What is Oxbridge?
Oxbridge is the term used to refer to the UK’s oldest and leading universities Oxford and Cambridge. These universities pride themselves on their world class teaching, academic excellence and rigour, and dynamic collegiate system. They are known for topping university league tables and are tough to get into, but are fantastic educational institutions that allow you to flourish holistically. Experienced Oxbridge Admissions tutors can advise on your degree and college choices.
Why should I apply to Oxbridge?
Oxford and Cambridge are world-renowned for being academically elite and have produced many notable alumni who evidence the high-quality academic and extra-curricular opportunities that both universities provide. Getting a degree from either university positions you well to pursue your chosen career(s) and demonstrates your strong intellectual abilities and academic independence. Your lecturers will be leading researchers in their respective fields, as will the fellows in your college who oversee your academic journey. Additionally, something unique to Oxbridge is their tutorial/supervision setup, whereby you will receive one-to-one or small-group teaching on a regular basis for each of your course’s papers. In these lessons you will have the chance to receive direct constructive feedback, opportunities to discuss your topic at length with a tutor/supervisor who is conducting research in that field, and to interact with and learn from fellow students. Alongside lectures, essay writing and/or laboratory work (depending on your chosen course), tutorials/supervisions give you the chance to thrive academically.
As has been mentioned, at Oxbridge you will be part of a college (hence their branding as “collegiate” universities), or a kind of mini university. Your college is your home for the duration of your degree; it is the place where you eat, sleep, and participate in various societies. Colleges are home to a wide range of students studying various courses at varying academic levels. Each college has a different name and differs in location, size, student body, extra-curriculars, and more. While you actually live in this community, your lectures will usually take place in your course’s faculty or department. You will share your lectures, and sometimes tutorials/supervisions, with members of other colleges studying the same course as you. The beauty of this system is that you will very much be part of multiple different communities, meet a wide range of people, and have a truly unique university experience. All colleges have their strengths, so it is well worth researching them to get a sense of which one might best “fit” you.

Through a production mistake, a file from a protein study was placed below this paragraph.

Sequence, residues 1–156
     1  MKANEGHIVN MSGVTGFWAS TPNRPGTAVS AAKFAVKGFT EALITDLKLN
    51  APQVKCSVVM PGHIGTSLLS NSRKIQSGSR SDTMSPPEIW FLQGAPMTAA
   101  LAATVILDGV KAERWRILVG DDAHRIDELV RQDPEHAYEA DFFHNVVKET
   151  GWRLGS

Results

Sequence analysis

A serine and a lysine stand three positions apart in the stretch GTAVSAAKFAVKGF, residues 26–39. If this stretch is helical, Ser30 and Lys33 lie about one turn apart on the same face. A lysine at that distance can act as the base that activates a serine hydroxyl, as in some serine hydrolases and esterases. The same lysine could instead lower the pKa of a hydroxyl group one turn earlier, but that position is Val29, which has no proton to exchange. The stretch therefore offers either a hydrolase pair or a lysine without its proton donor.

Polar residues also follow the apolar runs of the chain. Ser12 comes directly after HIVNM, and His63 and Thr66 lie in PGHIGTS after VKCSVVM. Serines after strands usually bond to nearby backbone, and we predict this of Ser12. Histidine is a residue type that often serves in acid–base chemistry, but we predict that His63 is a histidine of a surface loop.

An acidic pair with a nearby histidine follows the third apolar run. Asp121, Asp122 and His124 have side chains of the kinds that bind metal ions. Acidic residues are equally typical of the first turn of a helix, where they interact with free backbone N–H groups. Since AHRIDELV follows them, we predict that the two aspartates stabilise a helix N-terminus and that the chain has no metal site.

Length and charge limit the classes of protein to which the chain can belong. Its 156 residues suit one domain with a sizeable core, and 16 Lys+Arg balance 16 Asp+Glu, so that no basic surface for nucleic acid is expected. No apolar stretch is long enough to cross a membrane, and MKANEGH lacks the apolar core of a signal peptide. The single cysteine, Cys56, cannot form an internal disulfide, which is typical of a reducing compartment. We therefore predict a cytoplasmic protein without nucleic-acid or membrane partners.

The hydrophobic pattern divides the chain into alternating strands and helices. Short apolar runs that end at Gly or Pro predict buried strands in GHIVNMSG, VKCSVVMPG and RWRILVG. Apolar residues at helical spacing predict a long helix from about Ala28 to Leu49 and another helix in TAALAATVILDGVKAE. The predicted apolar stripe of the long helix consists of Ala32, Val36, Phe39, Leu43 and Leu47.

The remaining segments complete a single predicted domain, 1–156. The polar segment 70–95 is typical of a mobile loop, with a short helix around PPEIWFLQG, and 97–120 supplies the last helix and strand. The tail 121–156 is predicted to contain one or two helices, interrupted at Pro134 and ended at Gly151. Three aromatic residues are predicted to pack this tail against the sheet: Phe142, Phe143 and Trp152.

Further benefits of studying at Oxbridge include:
- Oxford and Cambridge are both historic towns with beautiful architecture and famous rivers
- Excellent theatre and sporting opportunities; both universities offer an enormous array of extra-curricular activities at both the college and university level
- The quirks of Oxbridge are fantastic – strange traditions, formal dinners, Latin ceremonies, May Balls
- The chance to make lasting connections with a broad range of people
- You become a lifelong member of your college and university- meaning you can retain access to some academic journals, or be invited back for dinners and ceremonies
The stereotypes of Oxbridge as stuffy and pompous are often far from the truth. These are both incredible and diverse universities populated by students who are not only really passionate about their subjects, but who are also interesting, fun, and talented. It is undeniably a challenge to secure a place at Oxbridge, but it is well worth trying all the same as the benefits of studying there are enormous.
What does an Oxbridge application involve?
The nature of your application may vary depending on the university you are applying to, but some aspects remain the same: